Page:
Maybe we aren’t who the series is designed for? My wife and I turned off Alan Ball’s True Blood (Season 4, Episode 9) with a disappointed thud…as if our computer finally going to white noise that previously always announced, “This is an HBO show and they’re always good,” was suddenly saying, “Don’t get your hopes up.”
It wasn’t that we tried; we’d watched three full seasons (delayed by us not having cable nor subscribed to HBO-GO), but we just couldn’t do it anymore. Suddenly, I could see the machinery of the story telling. In True Blood (I know it’s based on a series of mystery books, and after perusing the web I know many of the elements are lifted straight from the book) the story telling became “Hey you like the characters so watch what happens when I put them in this situation,” and “Oh, aren’t they nice to look at too.” Though missing the sexuality of True Blood, it’s the same story telling that was employed through all 5 seasons of Battlestar Galactica (BSG), which, nevertheless, had many redeeming qualities.
For example, a couple of weeks ago, I thought I’d try watching BSG again. I got through the first 2 episodes okay, but found myself stifled re-watching episode 3. It was a physical reaction. Suddenly, I just didn’t want to invite all that stress into my life, and since I’d already seen it, there was no reason to watch it again. The show has elements that deliberately manipulate the viewer into being stressed out.
A lot of good storytelling does that. And science fiction (as well as mysteries) as a genre certainly want the readers to identify with the protagonist and have certain elements that make it a page turner. But if you already know the outcome, then there’s no reason to read/watch it again. That was my reaction with BSG and, also, now with True Blood. The stress, situations, and identification with the characters keep you watching when your body is staying stop it, turn it off, run for the exits. It literally creates an endorphin rush (normal stress response) and actually hooks you. Watching BSG, and True Blood, is basically addicting.
Though I under-appreciated it at the time, one of the elements that kept me interested in BSG was that quite often the show raised some contemporary, thorny issues. For example, when the crew finally tries to make a go of it on New Caprica only to be found by the Cylons, they have to become terrorists to survive. Coming when it did during our own political history, putting the main characters in the role of terrorists is a pretty brave piece of storytelling and makes it entirely worthwhile.
Similarly, True Blood, at first, seemed like it would raise some interesting points about race relations. It was pretty blatant that there was a sort “civil rights” slant to True Blood, and the fact that it took place largely in the south made the story lines initially compelling. But it also has the elements that seem to be a part of every HBO series: really pretty people getting naked (at least one shot of breasts in every episode). So suddenly, they’ve taken what could be an interesting story line, stripped out the allusions to racial history, added in a big dose of stress where every episode has to have some sort of cliffhanger to make people watch the next, mixed with sex and, presto, you have an HBO show.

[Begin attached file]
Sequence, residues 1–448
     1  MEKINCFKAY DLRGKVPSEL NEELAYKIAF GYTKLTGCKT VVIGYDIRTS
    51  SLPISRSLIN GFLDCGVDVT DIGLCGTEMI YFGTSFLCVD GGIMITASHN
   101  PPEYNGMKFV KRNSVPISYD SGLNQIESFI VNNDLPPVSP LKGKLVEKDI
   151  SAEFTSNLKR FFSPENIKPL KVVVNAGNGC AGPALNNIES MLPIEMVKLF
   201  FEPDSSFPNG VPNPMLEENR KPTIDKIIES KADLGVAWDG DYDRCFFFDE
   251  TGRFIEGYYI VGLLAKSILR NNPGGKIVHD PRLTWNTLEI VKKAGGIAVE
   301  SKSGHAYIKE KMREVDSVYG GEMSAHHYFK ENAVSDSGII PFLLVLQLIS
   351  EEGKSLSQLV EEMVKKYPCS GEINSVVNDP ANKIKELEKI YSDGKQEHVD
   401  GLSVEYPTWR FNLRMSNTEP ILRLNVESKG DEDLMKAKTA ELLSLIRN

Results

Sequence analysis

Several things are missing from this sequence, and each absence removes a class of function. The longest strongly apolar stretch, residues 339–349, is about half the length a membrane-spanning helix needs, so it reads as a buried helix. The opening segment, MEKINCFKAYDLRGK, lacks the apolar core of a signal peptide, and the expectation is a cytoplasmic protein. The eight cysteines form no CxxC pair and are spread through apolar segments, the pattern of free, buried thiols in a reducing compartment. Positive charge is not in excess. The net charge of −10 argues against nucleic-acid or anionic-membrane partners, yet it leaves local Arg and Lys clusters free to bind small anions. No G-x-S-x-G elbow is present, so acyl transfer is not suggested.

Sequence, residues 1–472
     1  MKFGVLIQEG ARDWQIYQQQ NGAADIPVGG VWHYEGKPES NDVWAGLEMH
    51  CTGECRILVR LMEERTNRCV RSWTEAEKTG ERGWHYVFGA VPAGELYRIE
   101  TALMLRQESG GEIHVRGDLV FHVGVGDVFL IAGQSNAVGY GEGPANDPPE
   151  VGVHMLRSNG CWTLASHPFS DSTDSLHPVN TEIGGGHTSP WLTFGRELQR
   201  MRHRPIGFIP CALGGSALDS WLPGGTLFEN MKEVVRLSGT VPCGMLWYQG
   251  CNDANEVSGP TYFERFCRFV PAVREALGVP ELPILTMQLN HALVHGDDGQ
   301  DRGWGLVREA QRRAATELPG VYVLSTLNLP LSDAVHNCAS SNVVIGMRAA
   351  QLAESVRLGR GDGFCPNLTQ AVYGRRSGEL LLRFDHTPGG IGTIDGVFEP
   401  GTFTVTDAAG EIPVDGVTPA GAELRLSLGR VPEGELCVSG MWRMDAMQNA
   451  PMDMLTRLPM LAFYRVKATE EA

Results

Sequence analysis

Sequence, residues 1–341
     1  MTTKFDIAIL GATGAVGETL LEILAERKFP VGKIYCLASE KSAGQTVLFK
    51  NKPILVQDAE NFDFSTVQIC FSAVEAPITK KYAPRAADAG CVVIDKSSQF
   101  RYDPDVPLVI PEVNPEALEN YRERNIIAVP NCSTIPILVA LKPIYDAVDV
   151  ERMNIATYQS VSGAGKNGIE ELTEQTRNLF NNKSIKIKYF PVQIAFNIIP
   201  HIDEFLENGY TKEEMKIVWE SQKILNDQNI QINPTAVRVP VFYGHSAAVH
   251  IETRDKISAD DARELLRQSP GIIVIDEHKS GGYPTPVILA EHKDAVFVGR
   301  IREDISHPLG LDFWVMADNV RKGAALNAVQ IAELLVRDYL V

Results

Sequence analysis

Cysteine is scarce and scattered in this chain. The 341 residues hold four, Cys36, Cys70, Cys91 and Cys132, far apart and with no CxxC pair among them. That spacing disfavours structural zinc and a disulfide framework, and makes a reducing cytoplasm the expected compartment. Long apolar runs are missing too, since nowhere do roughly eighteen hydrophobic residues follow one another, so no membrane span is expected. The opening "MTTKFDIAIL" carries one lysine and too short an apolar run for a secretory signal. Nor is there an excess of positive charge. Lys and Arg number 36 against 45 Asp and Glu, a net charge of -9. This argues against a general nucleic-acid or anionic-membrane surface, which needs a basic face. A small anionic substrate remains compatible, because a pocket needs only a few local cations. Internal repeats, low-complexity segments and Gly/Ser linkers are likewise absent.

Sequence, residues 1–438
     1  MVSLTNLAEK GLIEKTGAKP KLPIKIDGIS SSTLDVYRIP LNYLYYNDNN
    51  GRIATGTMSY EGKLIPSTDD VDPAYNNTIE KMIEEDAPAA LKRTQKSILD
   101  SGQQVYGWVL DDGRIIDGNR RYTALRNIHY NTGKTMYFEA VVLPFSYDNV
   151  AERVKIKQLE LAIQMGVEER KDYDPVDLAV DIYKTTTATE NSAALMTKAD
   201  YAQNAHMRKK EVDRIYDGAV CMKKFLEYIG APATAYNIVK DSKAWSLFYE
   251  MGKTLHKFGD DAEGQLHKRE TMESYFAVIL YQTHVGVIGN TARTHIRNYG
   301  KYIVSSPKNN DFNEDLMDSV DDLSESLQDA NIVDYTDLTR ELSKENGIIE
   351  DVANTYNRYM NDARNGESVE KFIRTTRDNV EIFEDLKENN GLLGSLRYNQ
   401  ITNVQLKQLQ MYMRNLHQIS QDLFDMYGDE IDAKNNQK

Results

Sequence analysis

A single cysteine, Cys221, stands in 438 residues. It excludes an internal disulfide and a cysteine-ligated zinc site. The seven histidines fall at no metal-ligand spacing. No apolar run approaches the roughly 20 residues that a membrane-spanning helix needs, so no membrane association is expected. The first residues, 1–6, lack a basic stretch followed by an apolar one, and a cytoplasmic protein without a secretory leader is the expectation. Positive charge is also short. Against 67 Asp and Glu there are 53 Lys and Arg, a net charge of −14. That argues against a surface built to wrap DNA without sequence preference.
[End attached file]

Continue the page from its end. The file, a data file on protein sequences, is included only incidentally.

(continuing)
Gone is Alan Ball deliberately tackling issues like he did in Six Feet Under replaced with nudity and suspense. Gone is any pretense that the show is going to bring up any lingering racism in the rural south replaced with some sort of “strategy” where vampires can achieve equality just by handling the politics. Gone is any pretense that we may all be more alike than different replaced with Vampires, Werewolves, Shape-shifters, Witches, Shamans, Fairies, and Skin-walkers. Have we got all the demographics covered? Good looking northern Europeans—check; sexy Native American shapeshifter—check; Hispanic homosexual—check; uneducated, drug addicted red necks and power hungry evangelicals—check; breasts—check.
When Alan Ball’s American Beauty was being raved about in 1999 I tried to like it. I did. But the suburbs that he painted didn’t look like the suburbs that I grew up in. And while Kevin Spacey and Chris Cooper are really good actors, I just couldn’t buy the whole set-up. And now, I feel like he’s dabbling with people again he just doesn’t get. At least the cosmopolitan, conflicted Angelino of Six Feet Under is somebody he probably knows? The rural south, meanwhile, is certainly inhabited by people he doesn’t interact with at all. It may make for interesting genre fiction, but serious television? True Blood has a veneer of seriousness, but after turning off episode 9 of season 4, I just didn’t care. It all just seemed designed to keep me watching and seemed to have lost any deeply compelling reason for why.
February 25, 2013